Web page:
Date of Award


Document Type

Open Access Dissertation


Educational Studies


College of Education

First Advisor

Kathleen J. Marshall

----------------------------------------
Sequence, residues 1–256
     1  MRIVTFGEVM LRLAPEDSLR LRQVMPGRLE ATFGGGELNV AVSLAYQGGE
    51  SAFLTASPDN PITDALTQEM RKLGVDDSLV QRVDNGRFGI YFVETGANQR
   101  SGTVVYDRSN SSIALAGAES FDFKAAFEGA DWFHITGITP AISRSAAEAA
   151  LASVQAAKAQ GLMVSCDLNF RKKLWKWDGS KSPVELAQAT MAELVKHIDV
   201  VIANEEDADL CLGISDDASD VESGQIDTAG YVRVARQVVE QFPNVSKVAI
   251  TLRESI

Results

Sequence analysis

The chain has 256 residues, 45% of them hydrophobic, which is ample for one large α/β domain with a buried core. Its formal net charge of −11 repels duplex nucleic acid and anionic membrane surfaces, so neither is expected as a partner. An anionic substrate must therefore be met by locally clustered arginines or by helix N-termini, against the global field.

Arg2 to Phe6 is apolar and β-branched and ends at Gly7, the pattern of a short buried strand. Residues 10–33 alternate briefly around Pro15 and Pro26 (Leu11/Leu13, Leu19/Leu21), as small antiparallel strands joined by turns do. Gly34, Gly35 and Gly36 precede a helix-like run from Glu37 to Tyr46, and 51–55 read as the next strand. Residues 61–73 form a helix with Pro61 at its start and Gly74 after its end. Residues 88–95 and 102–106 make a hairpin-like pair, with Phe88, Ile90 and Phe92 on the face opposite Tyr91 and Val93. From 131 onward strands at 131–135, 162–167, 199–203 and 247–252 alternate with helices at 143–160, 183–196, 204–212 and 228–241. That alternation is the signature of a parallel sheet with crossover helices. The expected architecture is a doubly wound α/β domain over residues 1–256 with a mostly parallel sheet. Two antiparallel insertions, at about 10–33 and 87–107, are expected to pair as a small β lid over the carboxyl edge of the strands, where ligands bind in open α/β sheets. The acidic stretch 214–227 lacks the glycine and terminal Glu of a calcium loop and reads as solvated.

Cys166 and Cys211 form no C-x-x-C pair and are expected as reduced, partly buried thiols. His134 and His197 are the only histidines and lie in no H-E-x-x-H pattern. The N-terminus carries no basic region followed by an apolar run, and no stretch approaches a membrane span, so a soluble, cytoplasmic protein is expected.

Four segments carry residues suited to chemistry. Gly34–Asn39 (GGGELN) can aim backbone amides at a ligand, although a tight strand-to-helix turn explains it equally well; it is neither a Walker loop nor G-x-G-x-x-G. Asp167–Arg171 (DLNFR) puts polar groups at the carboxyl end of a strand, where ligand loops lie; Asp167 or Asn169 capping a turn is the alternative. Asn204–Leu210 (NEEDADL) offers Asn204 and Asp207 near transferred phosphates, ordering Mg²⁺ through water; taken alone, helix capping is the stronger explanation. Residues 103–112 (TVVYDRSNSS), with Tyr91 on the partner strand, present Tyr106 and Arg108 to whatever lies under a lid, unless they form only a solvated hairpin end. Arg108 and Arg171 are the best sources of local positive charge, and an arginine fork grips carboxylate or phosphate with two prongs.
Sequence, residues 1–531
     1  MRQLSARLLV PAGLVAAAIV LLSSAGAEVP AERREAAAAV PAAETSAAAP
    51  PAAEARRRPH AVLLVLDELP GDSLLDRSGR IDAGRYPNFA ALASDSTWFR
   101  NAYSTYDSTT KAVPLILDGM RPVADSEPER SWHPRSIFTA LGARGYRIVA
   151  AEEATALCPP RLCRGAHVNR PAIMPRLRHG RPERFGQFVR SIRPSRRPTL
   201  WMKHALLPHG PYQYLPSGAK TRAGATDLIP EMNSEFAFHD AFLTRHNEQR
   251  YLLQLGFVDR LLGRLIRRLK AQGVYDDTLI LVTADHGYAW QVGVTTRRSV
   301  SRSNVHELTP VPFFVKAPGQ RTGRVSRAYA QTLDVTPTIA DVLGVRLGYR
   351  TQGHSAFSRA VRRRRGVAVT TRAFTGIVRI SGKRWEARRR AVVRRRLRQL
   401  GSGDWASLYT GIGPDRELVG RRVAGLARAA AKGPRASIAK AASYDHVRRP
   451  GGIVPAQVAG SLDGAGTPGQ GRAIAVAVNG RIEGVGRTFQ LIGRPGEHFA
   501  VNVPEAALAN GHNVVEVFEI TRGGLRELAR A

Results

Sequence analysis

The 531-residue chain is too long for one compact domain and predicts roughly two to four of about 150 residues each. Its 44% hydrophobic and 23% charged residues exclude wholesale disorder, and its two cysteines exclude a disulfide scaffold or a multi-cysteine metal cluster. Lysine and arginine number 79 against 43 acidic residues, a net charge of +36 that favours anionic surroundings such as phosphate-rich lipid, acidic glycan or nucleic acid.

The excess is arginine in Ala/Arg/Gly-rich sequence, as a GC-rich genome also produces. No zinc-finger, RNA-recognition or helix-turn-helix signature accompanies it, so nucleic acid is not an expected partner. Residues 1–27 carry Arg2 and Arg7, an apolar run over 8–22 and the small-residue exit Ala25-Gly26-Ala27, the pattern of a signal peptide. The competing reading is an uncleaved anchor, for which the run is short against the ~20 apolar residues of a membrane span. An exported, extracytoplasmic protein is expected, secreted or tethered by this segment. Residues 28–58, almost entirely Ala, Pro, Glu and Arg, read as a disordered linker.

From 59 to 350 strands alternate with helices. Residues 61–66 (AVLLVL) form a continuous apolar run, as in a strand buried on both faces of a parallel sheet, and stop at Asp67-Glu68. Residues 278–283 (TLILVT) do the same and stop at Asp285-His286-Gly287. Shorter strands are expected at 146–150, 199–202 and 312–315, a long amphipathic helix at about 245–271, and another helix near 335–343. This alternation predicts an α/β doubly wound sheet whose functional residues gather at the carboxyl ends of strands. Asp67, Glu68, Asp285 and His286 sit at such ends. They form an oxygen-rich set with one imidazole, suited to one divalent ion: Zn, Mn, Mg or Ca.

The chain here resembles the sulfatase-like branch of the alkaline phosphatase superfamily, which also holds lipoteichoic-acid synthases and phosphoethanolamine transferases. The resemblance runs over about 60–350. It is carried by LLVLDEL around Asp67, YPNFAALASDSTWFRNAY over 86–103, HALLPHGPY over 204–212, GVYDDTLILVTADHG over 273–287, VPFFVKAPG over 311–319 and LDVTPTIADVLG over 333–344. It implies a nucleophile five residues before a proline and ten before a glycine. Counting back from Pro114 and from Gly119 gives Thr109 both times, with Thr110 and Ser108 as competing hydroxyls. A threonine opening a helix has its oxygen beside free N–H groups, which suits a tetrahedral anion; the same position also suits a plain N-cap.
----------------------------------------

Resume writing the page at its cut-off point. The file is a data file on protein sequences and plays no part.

This study examined elementary special education resource teachers’ practices and perceptions of curriculum-based measurement (CBM). A significant body of research since the 1970’s has shown that CBM is a reliable and valid predictor of subsequent performance on a variety of outcome measures, and thus useful for a wide range of instructional decisions (Deno, 2003; Busch & Reschley, 2007). Numerous studies have shown that when teachers use CBM, as originally intended, to write databased IEP goals, monitor the effects of their instructional programs, and adjust their interventions according to data-based decision rules, student achievement improves (Fuchs, Fuchs, Hamlett, 1989b; Jenkins, Graff & Miglioretti, 2009). Additionally, CBM is a valuable assessment tool for meeting the progress monitoring requirements of the IEP, as set forth in the IDEA. Barriers to implementation include, time constraints, lack of confidence and knowledge in using CBM, and doubt in the validity of some of the measures (Yell, et al., 1992; Foegen, 2001). Despite a very solid research base, CBM is not being used as originally intended and is not being used consistently and accurately by special education teachers to monitor student progress to meet the federal mandate (Estcheidt, 2006; Shinn, 2010). To update the literature and bridge the gap between the earlier studies on CBM and current practices and perceptions of elementary special education teachers a survey questionnaire was used to collect data from 84 elementary special education resource teachers from 15 public schools in the southeast. Results revealed that more special education teachers are using CBM than in the past. They are using CBM to fulfill the federal requirements of the IEP in regards to progress monitoring; however, many special education teachers are not using CBM as originally intended. Time and lack of confidence and knowledge in using some of the components of CBM are still barriers. The results, implications for special education leaders, and recommendations for future research are discussed.